Venture Capital for High Technology Companies
Introduction ...................................................................................................................... 1
Typical Start-Up Questions ................................................................................................2
Threshold Issues When Starting Your Business ..................................................................3
Recruiting Your Team .........................................................................................................4
Seed Financing ................................................................................................................ 10
Financing — the First Round ..............................................................................................11
The Structure of a Typical Venture Financing .................................................................... 13
Employee Stock Plans ...................................................................................................... 16
Corporate Partnering ....................................................................................................... 16
When Should you Consider an Acquisition?...................................................................... 17
Financing — the Second Round ........................................................................................ 17
The Initial Public Offering ................................................................................................ 18
Appendix A: Illustrative Financing Scenarios ....................................................................20
Appendix B: Series B Preferred Stock Term Sheet .............................................................22
About the Author ............................................................................................................. 27
Founding your own high-growth, high technology company, ﬁnancing it with venture capital
and successfully bringing a product to market is a challenging experience. Entrepreneurs are
dynamic people, motivated by their vision of a unique product concept and the drive to make
that product a successful reality. Because founding a successful high tech company is so
different from working in a large company, many new entrepreneurs are unfamiliar with the
legal issues involved in creating a high tech start-up.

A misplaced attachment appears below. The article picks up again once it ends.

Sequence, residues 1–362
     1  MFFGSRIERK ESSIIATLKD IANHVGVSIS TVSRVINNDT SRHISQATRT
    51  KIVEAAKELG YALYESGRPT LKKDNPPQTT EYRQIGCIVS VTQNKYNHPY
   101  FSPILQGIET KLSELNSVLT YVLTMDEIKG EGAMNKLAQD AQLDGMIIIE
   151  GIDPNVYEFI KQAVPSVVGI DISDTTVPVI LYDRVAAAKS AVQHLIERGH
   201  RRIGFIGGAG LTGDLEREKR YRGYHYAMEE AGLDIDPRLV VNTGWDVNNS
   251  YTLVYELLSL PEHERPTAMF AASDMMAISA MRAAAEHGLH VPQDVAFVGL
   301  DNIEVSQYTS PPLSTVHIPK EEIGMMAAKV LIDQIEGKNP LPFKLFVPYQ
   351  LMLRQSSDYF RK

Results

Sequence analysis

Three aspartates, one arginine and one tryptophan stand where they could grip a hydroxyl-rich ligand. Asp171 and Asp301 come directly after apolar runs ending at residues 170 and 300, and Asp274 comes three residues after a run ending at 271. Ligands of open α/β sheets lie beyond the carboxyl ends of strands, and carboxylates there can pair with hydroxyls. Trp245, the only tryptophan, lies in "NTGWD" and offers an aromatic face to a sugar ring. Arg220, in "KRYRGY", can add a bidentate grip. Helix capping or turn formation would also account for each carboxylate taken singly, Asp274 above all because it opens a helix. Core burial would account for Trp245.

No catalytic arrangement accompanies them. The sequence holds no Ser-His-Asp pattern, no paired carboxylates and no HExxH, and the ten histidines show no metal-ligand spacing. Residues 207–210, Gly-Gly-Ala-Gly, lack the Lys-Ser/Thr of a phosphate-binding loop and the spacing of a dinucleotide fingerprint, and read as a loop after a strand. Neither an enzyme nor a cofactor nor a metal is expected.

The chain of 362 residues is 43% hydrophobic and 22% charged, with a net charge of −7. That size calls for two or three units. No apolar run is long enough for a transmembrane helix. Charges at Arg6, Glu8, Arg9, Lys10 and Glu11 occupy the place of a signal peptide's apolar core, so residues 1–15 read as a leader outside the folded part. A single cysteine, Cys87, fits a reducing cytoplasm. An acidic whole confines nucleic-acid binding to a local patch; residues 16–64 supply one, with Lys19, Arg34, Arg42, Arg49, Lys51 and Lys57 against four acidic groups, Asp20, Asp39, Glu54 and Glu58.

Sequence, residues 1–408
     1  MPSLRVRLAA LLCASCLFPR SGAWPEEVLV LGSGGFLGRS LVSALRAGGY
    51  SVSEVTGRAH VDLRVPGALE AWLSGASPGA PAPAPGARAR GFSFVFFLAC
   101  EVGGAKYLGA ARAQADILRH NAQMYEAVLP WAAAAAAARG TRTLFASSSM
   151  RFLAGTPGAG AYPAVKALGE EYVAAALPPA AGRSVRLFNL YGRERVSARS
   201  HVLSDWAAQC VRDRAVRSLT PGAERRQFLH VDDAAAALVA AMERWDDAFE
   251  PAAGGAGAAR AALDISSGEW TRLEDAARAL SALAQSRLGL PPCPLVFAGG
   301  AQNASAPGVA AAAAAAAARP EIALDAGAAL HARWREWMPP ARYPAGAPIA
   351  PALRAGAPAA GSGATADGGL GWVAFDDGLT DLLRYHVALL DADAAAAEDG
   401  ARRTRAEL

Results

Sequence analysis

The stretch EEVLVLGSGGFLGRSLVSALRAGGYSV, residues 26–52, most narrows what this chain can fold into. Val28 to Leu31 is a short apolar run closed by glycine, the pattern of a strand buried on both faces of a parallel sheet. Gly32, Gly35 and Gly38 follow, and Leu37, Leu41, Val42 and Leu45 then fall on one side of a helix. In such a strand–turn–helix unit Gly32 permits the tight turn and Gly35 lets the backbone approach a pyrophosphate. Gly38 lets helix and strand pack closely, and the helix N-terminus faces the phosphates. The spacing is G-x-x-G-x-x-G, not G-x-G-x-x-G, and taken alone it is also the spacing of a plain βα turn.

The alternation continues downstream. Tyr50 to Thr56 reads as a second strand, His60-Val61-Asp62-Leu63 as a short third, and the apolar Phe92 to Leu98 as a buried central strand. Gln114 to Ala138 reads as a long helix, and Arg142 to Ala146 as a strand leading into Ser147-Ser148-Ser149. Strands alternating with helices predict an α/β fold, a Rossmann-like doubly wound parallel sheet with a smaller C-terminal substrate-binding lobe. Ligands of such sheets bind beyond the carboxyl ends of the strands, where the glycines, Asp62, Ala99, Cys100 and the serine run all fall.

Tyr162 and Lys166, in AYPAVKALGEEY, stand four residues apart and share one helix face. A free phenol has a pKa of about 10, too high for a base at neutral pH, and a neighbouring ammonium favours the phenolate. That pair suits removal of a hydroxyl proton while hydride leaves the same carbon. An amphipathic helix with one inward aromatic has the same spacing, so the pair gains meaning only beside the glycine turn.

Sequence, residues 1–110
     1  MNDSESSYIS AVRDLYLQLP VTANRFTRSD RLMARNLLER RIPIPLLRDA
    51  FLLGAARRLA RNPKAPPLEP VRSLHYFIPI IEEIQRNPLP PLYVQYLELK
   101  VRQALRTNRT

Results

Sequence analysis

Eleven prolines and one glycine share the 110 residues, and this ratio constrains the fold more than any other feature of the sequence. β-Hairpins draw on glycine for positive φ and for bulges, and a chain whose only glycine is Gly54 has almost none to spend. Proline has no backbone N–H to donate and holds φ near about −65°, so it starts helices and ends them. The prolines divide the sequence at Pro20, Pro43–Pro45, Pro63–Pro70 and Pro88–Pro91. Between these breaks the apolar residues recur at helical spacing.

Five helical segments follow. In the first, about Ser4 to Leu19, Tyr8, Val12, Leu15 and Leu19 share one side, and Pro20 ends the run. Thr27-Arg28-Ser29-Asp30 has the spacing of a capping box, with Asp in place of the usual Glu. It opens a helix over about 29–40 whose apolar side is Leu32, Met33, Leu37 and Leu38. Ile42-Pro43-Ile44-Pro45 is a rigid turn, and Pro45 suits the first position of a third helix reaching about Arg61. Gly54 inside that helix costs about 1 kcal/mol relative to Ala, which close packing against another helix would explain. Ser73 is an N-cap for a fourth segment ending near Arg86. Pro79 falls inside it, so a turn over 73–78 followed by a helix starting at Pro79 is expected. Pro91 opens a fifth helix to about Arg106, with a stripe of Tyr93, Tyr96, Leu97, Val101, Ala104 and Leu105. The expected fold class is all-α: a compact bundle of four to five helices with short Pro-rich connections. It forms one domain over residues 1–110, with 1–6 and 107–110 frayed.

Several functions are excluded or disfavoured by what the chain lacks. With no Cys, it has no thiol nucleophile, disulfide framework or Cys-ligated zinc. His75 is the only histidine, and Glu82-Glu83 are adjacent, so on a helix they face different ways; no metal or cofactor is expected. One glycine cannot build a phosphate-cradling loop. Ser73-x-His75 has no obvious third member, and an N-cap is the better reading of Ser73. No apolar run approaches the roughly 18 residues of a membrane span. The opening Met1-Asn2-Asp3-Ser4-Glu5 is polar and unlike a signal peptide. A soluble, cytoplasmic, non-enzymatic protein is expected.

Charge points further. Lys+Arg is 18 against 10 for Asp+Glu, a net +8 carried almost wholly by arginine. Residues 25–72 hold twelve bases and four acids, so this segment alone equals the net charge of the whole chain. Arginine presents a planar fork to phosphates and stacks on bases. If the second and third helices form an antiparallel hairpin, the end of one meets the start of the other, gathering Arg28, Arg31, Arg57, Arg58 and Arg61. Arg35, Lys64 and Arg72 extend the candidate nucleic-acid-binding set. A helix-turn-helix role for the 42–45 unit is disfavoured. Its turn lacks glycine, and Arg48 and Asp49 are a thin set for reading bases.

This booklet introduces new entrepreneurs to a variety of legal and strategic issues relating
to founding and ﬁnancing a start-up company, including determining your product and
market, assembling the right founding team, choosing your legal structure, making initial
stock issuances to founders, obtaining seed ﬁnancing, negotiating the terms of your venture
ﬁnancing and the pros and cons of being acquired or taking your company public.
At the end of the booklet, we provide two Appendices. The ﬁrst Appendix offers a set of
ﬁnancing scenarios that illustrate typical amounts of venture capital raised, company
valuations at different stages of a company’s existence and how ownership changes over
time — ﬁrst with a company that is successful and second with a company that undergoes a
“down round” of ﬁnancing. The second Appendix is a sample Series B Preferred Stock Term
Sheet, illustrating the type of provisions you might see requested by a venture capitalist.
Of course, no two companies are identical and, accordingly, not all issues encountered are
discussed, nor will every start-up face all of the issues discussed below. However, they are
typical of the start-up companies Fenwick represents.
The following are other available Fenwick booklets:
■ Acquiring and Protecting Technology: The Intellectual Property Audit
■ Annual Update: International Legal Protection for Software
■ Copyright Protection for High Technology Companies
■ Corporate Partnering for High Technology Companies
■ International Distribution for High Technology Companies
■ Mergers and Acquisitions for High Technology Companies
■ Patent Protection for High Technology Companies
■ Patent Licensing for High Technology Companies
■ Structuring Effective Earnouts
■ Trademark Selection and Protection for High Technology Companies
■ Trade Secrecy: A Practical Guide for High Technology Companies
fenwick & west venture capital 1
Typical Start-Up Questions
What is “vesting”? “Vesting” requires founders to earn their stock over time. The company
retains aright to buy back unvested stock at the original purchase price on termination of
employment. In contrast to founders stock, stock options typically become exercisable as
Why do I want vesting? Vesting protects founders who remain with the company from an
ex-founder becoming wealthy on their efforts if that ex-founder quits before he or she has
earned his or her stock. Venture capitalists require vesting as a condition to funding your
How do I avoid tax liability on the receipt or vesting of founders’ stock? Incorporate early
and issue founders’ stock at a low price to the founding team before you bring in outside